The News Ė 12/12/00
P2P For Peteís Sake
A couple of recent developments illustrate
how the P2P fervor is finding its way into mainstream applications.
Real Networks announced their new media
streaming scheme, and itís beginning to look a lot like Napster. RealSystem
iQ does away with the idea of a central server serving media streams.
Rather, a network operator can configure peer servers that can share the
load. If one area of the network gets overloaded, less-busy servers can
step in to service the load. This makes a self-healing media distribution
network a reality.
Under tremendous pressure from Microsoftís
MediaPlayer, Real Networks still claims 160 million users and 72 percent of
the media files on the Net.
In other P2P news, two of the Netís killer
apps are united in Aimster, a combination of instant messaging and file
sharing (a la Napster). Now, not only can you chat about the latest music,
you can share it with your buddy list. Unlike Napster, there is no central
server, and thus very little way to stop this file sharing. Created by the
improbably named Johnny Deep (who is an equally improbable 43 years old), Aimster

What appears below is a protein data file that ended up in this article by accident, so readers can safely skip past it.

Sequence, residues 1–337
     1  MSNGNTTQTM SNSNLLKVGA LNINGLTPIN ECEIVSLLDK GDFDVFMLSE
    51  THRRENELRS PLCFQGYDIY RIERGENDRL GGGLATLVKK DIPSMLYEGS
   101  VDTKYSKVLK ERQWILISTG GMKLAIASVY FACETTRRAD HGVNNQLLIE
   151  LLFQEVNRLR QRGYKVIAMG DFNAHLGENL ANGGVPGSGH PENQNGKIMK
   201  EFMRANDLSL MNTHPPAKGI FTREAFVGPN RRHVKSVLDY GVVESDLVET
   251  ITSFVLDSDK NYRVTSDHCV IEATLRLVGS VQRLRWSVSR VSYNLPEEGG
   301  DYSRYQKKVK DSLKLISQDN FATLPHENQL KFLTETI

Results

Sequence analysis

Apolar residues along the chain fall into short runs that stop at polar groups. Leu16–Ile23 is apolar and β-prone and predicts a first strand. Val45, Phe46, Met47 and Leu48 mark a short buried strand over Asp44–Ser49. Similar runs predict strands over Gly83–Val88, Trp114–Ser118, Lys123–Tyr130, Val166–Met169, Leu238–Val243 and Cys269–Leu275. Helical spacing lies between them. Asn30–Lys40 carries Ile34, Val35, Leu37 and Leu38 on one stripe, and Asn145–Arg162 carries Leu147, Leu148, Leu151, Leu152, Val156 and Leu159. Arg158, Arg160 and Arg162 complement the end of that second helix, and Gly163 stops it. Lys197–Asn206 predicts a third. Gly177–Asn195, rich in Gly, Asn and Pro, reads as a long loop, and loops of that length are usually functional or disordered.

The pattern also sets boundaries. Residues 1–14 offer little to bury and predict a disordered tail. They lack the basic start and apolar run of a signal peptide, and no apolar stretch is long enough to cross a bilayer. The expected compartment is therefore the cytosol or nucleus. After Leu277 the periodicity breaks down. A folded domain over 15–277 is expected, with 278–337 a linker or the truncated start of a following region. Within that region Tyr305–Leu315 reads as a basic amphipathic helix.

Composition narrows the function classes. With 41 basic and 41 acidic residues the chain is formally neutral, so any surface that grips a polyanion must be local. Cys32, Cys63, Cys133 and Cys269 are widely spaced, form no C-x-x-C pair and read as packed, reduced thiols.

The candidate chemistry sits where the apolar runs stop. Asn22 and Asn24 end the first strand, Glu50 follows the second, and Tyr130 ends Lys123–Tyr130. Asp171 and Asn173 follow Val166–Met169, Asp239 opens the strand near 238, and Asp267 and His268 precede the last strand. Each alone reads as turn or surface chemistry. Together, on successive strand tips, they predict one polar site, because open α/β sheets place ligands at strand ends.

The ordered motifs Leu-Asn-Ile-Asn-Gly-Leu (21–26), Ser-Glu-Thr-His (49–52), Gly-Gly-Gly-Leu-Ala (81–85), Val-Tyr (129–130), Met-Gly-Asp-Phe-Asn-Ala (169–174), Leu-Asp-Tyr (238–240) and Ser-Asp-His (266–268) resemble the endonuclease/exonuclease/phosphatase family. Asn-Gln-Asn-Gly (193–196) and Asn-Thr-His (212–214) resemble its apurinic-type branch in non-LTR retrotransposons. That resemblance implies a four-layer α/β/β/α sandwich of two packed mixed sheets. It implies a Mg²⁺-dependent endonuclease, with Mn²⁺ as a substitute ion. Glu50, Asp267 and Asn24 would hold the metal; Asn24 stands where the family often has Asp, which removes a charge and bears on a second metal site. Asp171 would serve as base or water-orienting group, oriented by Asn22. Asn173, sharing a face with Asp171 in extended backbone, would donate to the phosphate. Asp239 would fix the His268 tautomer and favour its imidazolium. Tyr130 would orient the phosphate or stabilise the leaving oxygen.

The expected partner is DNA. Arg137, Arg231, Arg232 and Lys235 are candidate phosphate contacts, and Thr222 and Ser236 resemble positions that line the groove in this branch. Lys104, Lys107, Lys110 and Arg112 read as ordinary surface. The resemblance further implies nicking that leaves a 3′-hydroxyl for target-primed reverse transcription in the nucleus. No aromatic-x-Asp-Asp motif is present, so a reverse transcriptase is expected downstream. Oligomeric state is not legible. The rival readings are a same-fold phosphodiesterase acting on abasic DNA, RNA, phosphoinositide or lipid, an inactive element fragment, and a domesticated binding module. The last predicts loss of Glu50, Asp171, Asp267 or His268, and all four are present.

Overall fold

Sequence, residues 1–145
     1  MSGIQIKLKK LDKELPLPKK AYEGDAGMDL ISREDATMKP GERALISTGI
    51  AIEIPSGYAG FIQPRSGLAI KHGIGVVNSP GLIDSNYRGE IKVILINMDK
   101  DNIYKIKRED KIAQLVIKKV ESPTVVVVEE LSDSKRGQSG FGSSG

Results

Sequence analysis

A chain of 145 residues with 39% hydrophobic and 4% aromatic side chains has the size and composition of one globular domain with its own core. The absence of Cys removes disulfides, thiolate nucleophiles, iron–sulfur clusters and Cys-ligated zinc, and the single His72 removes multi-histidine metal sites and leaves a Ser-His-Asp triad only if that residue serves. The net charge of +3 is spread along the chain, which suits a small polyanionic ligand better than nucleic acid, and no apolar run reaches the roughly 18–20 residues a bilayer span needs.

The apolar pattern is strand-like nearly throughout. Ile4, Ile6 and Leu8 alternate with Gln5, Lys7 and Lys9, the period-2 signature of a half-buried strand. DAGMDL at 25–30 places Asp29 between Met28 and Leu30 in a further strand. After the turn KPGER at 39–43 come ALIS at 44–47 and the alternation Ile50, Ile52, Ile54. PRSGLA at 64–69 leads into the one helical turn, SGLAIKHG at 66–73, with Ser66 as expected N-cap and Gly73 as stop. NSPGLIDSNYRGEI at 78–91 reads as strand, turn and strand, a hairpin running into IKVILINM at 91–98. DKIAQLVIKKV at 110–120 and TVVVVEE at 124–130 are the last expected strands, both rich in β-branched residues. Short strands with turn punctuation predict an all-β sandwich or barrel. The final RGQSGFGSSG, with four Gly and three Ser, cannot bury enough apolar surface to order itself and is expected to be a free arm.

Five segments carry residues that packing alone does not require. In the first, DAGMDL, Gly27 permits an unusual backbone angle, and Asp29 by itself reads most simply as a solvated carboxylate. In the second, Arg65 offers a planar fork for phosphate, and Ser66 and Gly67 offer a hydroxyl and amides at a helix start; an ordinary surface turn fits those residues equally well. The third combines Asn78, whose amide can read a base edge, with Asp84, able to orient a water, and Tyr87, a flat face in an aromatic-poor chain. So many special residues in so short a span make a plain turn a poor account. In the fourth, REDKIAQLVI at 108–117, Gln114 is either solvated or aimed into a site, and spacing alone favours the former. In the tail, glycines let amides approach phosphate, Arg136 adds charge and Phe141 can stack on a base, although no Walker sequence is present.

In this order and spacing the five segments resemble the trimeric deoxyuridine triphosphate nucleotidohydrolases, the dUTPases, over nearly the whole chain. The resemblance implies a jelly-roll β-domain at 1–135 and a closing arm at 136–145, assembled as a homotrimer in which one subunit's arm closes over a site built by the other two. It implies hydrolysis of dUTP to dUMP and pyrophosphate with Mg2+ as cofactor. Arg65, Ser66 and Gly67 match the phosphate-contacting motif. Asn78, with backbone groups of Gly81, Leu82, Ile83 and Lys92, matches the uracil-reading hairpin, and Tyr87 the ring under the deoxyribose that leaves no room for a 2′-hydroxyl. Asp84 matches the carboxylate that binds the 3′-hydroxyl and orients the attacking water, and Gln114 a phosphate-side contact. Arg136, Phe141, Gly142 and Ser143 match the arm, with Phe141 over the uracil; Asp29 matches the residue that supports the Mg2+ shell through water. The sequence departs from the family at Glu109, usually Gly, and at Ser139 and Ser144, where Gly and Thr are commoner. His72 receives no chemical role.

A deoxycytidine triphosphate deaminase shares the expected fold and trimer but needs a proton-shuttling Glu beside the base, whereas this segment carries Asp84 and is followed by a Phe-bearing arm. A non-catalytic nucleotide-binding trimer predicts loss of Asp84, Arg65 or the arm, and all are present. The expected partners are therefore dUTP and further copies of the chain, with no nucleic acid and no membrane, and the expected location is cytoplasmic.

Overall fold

was released this summer, has 73 million users already, and has not escaped
the notice of the record industry. However, since the file sharing is
limited to buddy lists, it could be argued that Aimster just facilitates
the kind of music sharing that happens when you lend your CD to your friend
who then tapes it.
(Real Networks story)
Wireless Growth MDA
You canít let a day go by without reading
another rosy prediction of wireless growth from a pundit or industry flack.
To help you with your minimum daily requirement, hereís a chart and a
couple of quotes:
Lucent claims that by 2005, 50% of wireless
traffic will be from data. Motorola asserts that by 2004, more people will
be accessing the Internet from a wireless device than a wired one. In the
U.S., thereíll be 96 million wireless users by 2005.
How Fast is Fast Enough?
I love my cable modem. Despite my
misgivings about cable company service, Iíve had very few problems with it.
And itís fast, up to 1Mbps. But if things go right, by late next year, I
could be trading it in for access thatís 40 times faster.
Called Ultraband and developed by Advent
Networks, this new technology runs over hybrid fiber coaxial networks.
Unlike my cable modem, which shares bandwidth with other users in my area,
Ultraband uses switched Ethernet over cable, creating virtual channels for
each user that delivery 40Mbps. This means you get guaranteed performance
that is more than 700 times as fast as a 56Kbps modem.
Now to put 40Mbps into perspective, your
office network probably only runs at 10Mbps, and your office Internet access
is probably only 1Mbps. Plus, you share these resources with everyone in
your office. Howíd you like to have 4 times that performance dedicated to
your use along?
While youíre pondering that, consider this:
The cable network is capable of speeds up to 1Gbps.